Most people think of patents in relation to major scientific breakthroughs such as Edison’s first electric lamp or large corporations investing large sums in research and development. However, most patents do not concern scientific breakthroughs, but are granted for inventions that make improvements on existing inventions, for example, on a product with better performance or a process that allows a cheaper or more efficient production of a known product. In addition, certain countries have specific legal provisions for protecting rather incremental innovations under the form of , which have a shorter duration than patents and are generally easier to obtain.
While it is certainly true that not all enterprises develop patentable inventions, it is a misperception to believe that patents only apply to complex physical or chemical processes and products or are only useful to large corporations. Patents may be obtained for any area of technology from paper clips to computers.
Competitors might take advantage of your invention – if the product is successful, many other competitor firms will be tempted to make the same product by using your invention without needing to ask for your permission. Larger enterprises may take advantage of scale economies to produce the product more cheaply and compete at a more favorable market price. This may considerably reduce your company’s market share for that product. Even small competing enterprises can produce the same product, and often sell it at a lower price as they do not have to recoup research and development costs incurred by your company.
Possibilities to license, sell or transfer technology will be severely hindered – without IP rights, transfers of technology would be difficult if not impossible. Transfer of technology presupposes ownership of a technology which can only be effectively obtained through appropriate IP protection. Without IP protection over the technology in question, parties are suspicious of disclosing their inventions during the negotiations for transferring that technology, fearing that the other side may “run away with the invention”. IP protection, in particular patent protection, is crucial for acquiring technology through its licensing.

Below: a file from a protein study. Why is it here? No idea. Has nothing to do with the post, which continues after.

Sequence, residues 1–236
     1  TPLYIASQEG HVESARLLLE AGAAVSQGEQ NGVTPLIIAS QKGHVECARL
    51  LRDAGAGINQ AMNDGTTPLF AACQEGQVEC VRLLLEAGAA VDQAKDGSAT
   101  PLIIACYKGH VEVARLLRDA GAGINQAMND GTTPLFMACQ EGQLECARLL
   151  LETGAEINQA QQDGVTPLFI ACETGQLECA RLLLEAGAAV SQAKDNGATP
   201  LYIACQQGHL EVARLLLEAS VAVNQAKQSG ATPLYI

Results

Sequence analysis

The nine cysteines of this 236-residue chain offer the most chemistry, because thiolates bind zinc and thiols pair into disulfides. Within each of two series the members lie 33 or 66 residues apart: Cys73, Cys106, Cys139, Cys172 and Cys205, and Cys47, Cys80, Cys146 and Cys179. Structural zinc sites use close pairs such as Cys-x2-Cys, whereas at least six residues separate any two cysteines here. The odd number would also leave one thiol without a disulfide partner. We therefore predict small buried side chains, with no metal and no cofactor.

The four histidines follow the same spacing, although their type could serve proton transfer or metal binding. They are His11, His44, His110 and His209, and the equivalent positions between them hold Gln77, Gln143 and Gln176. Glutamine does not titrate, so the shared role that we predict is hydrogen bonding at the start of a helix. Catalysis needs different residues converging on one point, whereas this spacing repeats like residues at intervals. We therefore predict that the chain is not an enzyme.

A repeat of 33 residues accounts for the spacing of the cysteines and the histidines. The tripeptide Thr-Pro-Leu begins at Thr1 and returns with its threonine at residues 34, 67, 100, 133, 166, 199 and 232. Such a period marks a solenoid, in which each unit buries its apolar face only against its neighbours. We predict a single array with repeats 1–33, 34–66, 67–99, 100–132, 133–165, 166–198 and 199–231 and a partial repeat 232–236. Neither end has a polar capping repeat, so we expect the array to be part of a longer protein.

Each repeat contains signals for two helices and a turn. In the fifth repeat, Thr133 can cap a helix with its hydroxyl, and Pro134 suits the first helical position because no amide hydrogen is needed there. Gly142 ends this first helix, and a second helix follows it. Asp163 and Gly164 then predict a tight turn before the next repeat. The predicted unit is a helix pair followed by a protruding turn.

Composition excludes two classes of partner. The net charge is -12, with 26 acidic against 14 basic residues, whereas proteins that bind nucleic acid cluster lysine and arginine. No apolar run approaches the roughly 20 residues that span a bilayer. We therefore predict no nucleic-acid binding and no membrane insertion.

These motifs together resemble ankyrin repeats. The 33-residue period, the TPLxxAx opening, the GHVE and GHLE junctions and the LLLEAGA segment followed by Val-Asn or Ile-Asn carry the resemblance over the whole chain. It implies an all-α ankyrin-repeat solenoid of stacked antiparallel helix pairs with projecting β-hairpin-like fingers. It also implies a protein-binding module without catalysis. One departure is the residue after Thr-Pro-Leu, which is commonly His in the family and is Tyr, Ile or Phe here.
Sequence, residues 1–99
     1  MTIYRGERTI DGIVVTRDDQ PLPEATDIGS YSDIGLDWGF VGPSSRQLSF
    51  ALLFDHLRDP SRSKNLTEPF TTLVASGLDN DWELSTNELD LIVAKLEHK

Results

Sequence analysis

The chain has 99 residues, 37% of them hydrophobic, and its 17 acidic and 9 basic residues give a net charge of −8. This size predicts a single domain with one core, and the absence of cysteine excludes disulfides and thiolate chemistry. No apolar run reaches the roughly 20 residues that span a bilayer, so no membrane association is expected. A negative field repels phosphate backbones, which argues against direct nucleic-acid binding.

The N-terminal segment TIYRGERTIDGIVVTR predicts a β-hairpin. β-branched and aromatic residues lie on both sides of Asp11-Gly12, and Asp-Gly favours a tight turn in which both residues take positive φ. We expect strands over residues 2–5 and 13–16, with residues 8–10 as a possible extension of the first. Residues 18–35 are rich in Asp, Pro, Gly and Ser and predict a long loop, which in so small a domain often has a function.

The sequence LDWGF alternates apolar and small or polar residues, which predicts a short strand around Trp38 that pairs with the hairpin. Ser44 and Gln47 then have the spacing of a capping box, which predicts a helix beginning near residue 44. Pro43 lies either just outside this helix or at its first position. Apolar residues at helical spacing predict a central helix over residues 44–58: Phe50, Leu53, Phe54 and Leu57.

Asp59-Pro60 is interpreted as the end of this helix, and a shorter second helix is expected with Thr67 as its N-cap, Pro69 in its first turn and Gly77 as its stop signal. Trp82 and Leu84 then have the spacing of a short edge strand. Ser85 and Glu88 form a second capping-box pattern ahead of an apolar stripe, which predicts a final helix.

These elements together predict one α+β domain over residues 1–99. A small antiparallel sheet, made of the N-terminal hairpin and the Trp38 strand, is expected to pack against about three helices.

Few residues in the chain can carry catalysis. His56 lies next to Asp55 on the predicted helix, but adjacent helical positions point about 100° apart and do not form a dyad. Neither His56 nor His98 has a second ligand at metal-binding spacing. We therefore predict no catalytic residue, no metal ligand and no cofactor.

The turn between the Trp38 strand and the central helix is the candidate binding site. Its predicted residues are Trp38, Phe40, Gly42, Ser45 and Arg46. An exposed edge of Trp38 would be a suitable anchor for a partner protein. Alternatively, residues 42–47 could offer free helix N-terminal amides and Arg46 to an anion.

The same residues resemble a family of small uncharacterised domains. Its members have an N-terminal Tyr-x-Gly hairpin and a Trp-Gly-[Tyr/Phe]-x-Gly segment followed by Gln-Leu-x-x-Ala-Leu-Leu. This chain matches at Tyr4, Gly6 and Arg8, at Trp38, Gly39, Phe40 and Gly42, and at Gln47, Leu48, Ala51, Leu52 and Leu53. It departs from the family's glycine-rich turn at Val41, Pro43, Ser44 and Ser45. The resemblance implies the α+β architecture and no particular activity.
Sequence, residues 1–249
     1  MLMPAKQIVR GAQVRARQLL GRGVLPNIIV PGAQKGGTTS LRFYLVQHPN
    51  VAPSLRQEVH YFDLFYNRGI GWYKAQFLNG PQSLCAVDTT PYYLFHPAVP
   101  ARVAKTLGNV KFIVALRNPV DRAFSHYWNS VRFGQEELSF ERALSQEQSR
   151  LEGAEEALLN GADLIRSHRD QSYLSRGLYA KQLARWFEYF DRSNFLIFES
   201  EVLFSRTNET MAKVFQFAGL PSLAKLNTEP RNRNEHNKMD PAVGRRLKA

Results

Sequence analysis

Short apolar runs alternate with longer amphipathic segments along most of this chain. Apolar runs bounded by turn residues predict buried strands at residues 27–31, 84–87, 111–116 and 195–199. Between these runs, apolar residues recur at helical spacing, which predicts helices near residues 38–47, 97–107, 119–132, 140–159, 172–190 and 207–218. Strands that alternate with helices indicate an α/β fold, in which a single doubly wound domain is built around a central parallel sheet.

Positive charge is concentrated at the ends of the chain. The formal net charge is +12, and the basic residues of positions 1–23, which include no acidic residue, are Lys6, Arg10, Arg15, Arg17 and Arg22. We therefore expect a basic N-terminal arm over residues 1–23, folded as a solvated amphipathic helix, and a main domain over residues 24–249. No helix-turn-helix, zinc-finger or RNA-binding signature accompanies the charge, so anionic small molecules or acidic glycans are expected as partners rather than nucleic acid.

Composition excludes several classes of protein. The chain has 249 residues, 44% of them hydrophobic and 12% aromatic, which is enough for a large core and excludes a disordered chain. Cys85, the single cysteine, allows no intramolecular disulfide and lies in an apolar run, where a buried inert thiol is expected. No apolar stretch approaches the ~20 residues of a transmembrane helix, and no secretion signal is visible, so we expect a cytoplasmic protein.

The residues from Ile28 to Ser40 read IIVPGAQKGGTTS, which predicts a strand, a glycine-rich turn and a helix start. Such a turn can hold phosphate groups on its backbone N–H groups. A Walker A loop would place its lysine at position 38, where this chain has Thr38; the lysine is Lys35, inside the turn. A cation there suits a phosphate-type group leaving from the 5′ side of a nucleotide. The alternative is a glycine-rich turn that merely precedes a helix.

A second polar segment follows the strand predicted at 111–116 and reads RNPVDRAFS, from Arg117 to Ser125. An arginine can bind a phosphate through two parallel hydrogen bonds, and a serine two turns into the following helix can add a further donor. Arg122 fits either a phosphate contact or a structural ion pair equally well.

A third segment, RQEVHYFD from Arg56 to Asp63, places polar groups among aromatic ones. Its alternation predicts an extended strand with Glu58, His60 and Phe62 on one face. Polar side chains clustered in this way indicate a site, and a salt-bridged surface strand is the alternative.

Finally, somebody else might patent them if the invention has not been disclosed to the public. With the exception of the system applicable in the United States of America until March 16, 2013, the first person or enterprise to file a patent for an invention will have the right to the patent. This may in fact mean that, if you do not patent your inventions or inventions of the employees of your company, somebody else - who may have developed the same or an equivalent invention later - may do so and legitimately exclude your enterprise from the market, limit your activities to the continuation of prior use, where the patent legislation provides for such exception, or ask your company to pay a licensing fee for using the invention. However, to ensure that no one is able to patent your invention, you may disclose the invention to the public, thereby placing it in the public domain (commonly known as defensive publication). At the same time, if you disclose your invention before filing a patent application, you will severely limit your possibility of obtaining patent protection on that invention.